On my VM with 4 cores it takes 33 seconds to execute this query on SQL Server 2016 with Service Pack 1, while it burns almost 48 seconds of the CPU Time .
The relevant part of the execution plan can be found below,
showing so many performance problems that this query is suffering, such as INNER LOOP JOIN, INDEX SPOOL, besides even worse part that is actually hidden and is identifiable only once you open the properties of any of the lower tree (left side of the LOOP JOIN), seeing that it all runs with the Row Execution Mode actually.
To show you the problem, on the left side you will find the properties of the sort iterator that is to be found in the lower (left) part of the LOOP Join that was executed around 770.000 times in the Row Execution Mode, effectively taking any chances away from this query to be executed in a fast way. One might argue that it might that it might be more effective to do the loop part in Row Mode, but given that we are sorting around 3.1 Million Rows there for me there is no doubt that it would be faster to do it within a Batch Execution Mode. Consulting the last sort iterator in the execution plan (TOP N SORT), you will find that it is running with the help of the Batch Execution Mode, even though it is processing around 770.000 rows.
One of the possible solutions that I see in such cases is to rewrite the query where possible without the CROSS APPLY part, thus enabling the query to be executed with the Batch Execution Mode completely by using HASH JOIN for the connection between the 2 tables:setstatisticstime, ioon selectTOP 100 o.o_orderkey, o.o_orderdate, MAX(o.o_totalprice) as orderprice, SUM(Volume) as Top10Volume fromdbo.orders_cci o innerjoin ( selectROW_NUMBER() OVER (PARTITIONBYl_orderkeyORDERBYsum(l_extendedprice * (1 - l_discount)) desc) AS rowNumber, sum(l_extendedprice * (1 - l_discount)) as volume, li.l_orderkey fromlineitem_ccili groupbyl_orderkey ) f ono_orderkey = f.l_orderkey where o.o_orderstatus <> 'F' and rowNumber < 10 groupby o.o_orderdate, o.o_orderkey ORDERBYSUM(o.o_totalprice) DESC
Take a look at the relevant part of the execution plan below:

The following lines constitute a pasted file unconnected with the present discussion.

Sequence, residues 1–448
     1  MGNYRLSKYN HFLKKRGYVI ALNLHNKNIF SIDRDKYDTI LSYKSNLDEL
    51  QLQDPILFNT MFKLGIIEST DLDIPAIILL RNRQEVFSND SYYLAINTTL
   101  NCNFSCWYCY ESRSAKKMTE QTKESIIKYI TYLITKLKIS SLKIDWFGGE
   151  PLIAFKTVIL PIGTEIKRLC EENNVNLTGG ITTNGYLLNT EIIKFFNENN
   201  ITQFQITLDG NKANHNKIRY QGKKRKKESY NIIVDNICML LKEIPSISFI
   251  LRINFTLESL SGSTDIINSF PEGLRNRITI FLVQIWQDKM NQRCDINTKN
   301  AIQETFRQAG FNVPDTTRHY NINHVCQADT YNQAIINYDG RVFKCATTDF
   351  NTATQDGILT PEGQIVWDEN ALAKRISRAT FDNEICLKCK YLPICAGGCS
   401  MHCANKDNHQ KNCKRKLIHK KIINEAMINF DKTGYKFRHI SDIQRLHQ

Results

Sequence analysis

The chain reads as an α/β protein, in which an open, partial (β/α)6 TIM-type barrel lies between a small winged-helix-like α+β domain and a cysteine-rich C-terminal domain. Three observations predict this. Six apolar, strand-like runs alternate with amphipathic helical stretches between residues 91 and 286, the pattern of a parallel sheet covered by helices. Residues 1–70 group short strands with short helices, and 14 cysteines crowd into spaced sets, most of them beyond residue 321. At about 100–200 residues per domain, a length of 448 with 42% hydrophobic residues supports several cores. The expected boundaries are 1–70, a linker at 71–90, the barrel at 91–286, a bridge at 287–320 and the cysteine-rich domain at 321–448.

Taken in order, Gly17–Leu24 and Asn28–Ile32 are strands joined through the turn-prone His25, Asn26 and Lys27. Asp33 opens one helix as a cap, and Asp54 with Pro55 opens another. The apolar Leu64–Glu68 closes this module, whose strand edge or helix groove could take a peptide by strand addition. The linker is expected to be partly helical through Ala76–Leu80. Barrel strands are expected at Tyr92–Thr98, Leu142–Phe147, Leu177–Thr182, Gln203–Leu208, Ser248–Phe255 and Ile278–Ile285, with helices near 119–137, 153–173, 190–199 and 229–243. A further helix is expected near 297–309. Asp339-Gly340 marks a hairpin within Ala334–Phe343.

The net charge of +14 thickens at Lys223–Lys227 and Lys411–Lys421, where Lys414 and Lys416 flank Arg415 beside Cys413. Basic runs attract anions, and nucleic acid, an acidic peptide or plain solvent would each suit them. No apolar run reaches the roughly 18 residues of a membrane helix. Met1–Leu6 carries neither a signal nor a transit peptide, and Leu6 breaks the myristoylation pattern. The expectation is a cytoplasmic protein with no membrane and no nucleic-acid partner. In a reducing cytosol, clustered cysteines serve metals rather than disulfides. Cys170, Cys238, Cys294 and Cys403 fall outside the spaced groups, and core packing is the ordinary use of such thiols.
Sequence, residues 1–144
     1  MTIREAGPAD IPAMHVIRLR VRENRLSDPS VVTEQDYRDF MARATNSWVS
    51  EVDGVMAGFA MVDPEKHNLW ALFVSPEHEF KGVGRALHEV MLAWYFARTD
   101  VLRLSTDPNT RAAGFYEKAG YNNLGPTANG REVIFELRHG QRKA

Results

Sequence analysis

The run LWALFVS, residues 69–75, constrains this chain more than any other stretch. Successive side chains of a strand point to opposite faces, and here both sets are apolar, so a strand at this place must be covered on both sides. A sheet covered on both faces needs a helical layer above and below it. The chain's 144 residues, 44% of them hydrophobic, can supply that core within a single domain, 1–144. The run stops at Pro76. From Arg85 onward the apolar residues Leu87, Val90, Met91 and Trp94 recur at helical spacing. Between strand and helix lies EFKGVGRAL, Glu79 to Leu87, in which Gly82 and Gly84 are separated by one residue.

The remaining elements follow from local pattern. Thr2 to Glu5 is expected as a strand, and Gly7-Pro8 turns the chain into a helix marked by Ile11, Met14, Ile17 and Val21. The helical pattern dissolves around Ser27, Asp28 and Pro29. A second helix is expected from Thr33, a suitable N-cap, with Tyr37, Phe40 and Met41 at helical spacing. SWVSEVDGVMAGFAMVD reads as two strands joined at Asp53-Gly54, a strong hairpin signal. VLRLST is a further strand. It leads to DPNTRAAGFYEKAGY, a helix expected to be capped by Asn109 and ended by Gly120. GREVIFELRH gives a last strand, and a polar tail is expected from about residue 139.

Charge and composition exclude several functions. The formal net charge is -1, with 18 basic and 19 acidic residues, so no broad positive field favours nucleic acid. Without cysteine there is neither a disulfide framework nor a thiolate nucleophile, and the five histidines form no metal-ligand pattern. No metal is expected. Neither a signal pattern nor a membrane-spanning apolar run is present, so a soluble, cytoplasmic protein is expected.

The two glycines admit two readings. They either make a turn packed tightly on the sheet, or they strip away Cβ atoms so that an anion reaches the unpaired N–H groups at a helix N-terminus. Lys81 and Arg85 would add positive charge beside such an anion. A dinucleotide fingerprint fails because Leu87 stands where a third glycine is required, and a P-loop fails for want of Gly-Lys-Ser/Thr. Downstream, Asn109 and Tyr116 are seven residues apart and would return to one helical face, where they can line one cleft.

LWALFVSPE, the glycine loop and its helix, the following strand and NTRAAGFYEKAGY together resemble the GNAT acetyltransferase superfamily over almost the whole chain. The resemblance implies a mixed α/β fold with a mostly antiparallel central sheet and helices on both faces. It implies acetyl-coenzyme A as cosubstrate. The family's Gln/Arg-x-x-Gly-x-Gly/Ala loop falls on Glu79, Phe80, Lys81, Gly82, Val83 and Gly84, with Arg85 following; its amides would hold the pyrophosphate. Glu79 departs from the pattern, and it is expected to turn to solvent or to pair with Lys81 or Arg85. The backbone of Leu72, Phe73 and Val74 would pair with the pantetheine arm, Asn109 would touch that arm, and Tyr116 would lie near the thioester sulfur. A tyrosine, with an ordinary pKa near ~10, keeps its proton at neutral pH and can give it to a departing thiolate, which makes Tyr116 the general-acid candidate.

here we have every single iterator running in the Batch Execution Mode, making this query lightning fast to be executed under 1 seconds with just 2.8 seconds spent off the CPU time . There is no need to compare the performance of these 2 queries even though both of them are using Columnstore Indexes and the first one is using Batch Execution Mode in around 40% of the existing iterators.
Naturally it is not always possible to rewrite a complex DWH query in such a light way as in this example, but the idea here is to provide the tip that the LOOP join is typically not a good thing to be found within your execution plan with Columnstore Indexes when dealing with hundreds of thousands or millions of rows. There are times when Query Optimiser will select the LOOP JOIN because of the statistics distribution or any other possible reasons, and if there is nothing that you can do about it, then your natural option should be forcing the HASH JOIN with the OPTION (HASH JOIN) or HASH JOIN hints.
Another important aspect to notice here is that the CROSS APPLY does not automatically mean that the execution plan will use NESTED LOOP JOIN, please consider the notice the following query below which is using HASH JOINS and runs fast as it should:selectTOP 100 o_orderkey, o.o_orderdate, MAX(o.o_totalprice) as orderprice, SUM(Volume) as
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本文标题：Columnstore Indexes part 95 (“Basic Query Patterns”)